“Take a spin on an antique merry-go-round”
While visiting Sandusky, take a spin on an antique merry-go-round at the end of an entertaining guided tour of the Merry-Go-Round Museum! Remember summer fun at the county fair or an amusement park. Learn about the art and history of carousels. Generations of joy for the entire family! The doors to the Merry-Go-Round Museum opened to the public on July, 14, 1990 but the idea was born on October 1, 1988 when the U.S. Postal Service issued four carousel stamps. Paul Calle of Stamford, Connecticut designed the first set of stamps. One of the featured animals was from Cedar Point’s Kiddieland carousel. The first day issue ceremony was held at the Sandusky amusement park. The block of stamps included a Gustav Dentzel deer (ca. 1895), Charles Looff goat and camel (ca. 1880), and the King Armored horse by Daniel Muller (ca. 1925), The King horse is from Cedar Point’s Kiddieland carousel. This particular King horse is considered to be one of the rarest and most beautiful of all carousel figures. The Merry-Go-Round Museum display artifacts that add to the public’s awareness, knowledge, and appreciation of the history of the carousel. Dentzel carving shop tools are a permanent exhibit, along with a working woodcarving shop, and the museum’s own machine, (circa 1939 Allan Herschell Corporation). The museum continues to seek artifacts from amusement parks, carnivals, and private individuals, and encourages long and short-term loans of memorabilia and antiques from earlier periods of the amusement and carousel industry. The Merry-Go-Round Museum is also home to three separate ghosts. The first, often referred to simply as Muller’s Military Horse, is a magnificent carousel horse, carved in 1917 by Daniel C. Muller, is known for more than simply showcasing Muller’s fascination with Civil War and pre-World War II Calvary mounts. Rather, its real claim to fame is that it is often called the only haunted carousel horse in existence. Although the legend of the Haunted Steed seems to have gone through a few changes through the years, the most current one is as follows: Upon seeing her husband’s creation, Mrs. Muller fell in love with the horse. So much so that even after her death, her ghost returned to the Cedar Point Carousel to ride it. In fact, her love was so strong that her ghost would make it impossible for anyone to photograph the horse, lest someone else view it and fall in love with it. The Museum has a replica of this horse and people say sometimes they can hear her walking around the place at night to admire the beauty of this unique steed. We have had countless stories from both patrons, employees and paranormal investigators about hearing what sounds like a little girl giggling and running around the museum. A few people have reported their jacket or shirt being tugged on as if there was a invisible child. There have also been stories of whispers of a little girl into the ears of carvers and painters when they are in the workshop in the basement alone as well as hearing the footsteps running around and the shirt tugs. She seems to be a very playful spirit who we believe may be attached to one of the pieces we have in the basement that has been donated. You can see in the picture a small footprint that appeared on the seat of a bike in the dust shortly after we started to get reports of paranormal experiences with her. The surroundings continue to build up dust but the footprint looks like it was just done. We discovered the footprint in 2012 and it looks the same today as the day we found it. There have been sightings of a older man randomly walking around the museum. A few employees have heard the jingle of keys thoughout the halls and upstairs at night. Occasionally you can even hear what sounds like footsteps on the base of the carousel! Rumor has it that while cleaning in what is now the Archives he had a heart attack and passed away. We have tried to get information from the post office here in town but everyone that worked in this building has since retired so we have no name nor a year/date when he passed away.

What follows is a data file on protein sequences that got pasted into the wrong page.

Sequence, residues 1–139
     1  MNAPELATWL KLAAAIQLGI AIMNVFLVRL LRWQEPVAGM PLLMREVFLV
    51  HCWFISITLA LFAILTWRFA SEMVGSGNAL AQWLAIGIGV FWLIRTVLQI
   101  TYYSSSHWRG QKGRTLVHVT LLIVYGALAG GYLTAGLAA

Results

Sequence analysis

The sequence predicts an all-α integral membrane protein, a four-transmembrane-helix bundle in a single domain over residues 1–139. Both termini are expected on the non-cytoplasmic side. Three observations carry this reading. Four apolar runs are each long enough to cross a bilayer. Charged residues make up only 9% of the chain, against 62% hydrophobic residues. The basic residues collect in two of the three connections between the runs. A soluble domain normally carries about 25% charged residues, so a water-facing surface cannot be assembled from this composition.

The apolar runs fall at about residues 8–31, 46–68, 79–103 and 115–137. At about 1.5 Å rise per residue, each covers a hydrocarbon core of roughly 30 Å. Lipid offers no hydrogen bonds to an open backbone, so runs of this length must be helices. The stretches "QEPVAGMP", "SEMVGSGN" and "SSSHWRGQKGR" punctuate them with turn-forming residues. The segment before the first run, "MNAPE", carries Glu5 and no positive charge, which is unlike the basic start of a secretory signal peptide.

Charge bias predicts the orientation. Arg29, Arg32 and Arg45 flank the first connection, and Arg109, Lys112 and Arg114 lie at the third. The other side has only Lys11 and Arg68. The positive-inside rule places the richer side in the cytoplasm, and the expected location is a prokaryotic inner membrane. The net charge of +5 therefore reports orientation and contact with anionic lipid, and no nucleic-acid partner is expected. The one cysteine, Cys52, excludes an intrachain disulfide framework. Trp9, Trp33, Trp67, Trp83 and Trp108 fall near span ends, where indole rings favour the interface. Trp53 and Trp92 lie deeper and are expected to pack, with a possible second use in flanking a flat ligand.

What an awesome stop, and free entry the day we stopped! It's a small place, but very interesting and loved riding the carousel. Be sure to use the crayons and paper to make your artwork!
Cool old pieces and pics nice staff
I learned more than I thought I would here! It's got lots of cool carousel animals, the volunteer staff is very informative, and the carousel goes three times as fast as a regular carousel!
Read my full review at theoffbeatpath.net.
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- Mon - Sat: 10:00 am - 5:00 am
- Sun: 12:00 pm - 5:00 am
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